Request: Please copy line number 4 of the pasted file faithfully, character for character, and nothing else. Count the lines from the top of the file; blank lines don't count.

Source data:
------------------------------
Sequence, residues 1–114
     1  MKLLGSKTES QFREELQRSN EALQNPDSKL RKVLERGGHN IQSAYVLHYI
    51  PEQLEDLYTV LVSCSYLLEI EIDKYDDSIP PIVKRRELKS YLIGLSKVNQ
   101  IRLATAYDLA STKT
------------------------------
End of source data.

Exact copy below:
   101  IRLATAYDLA STKT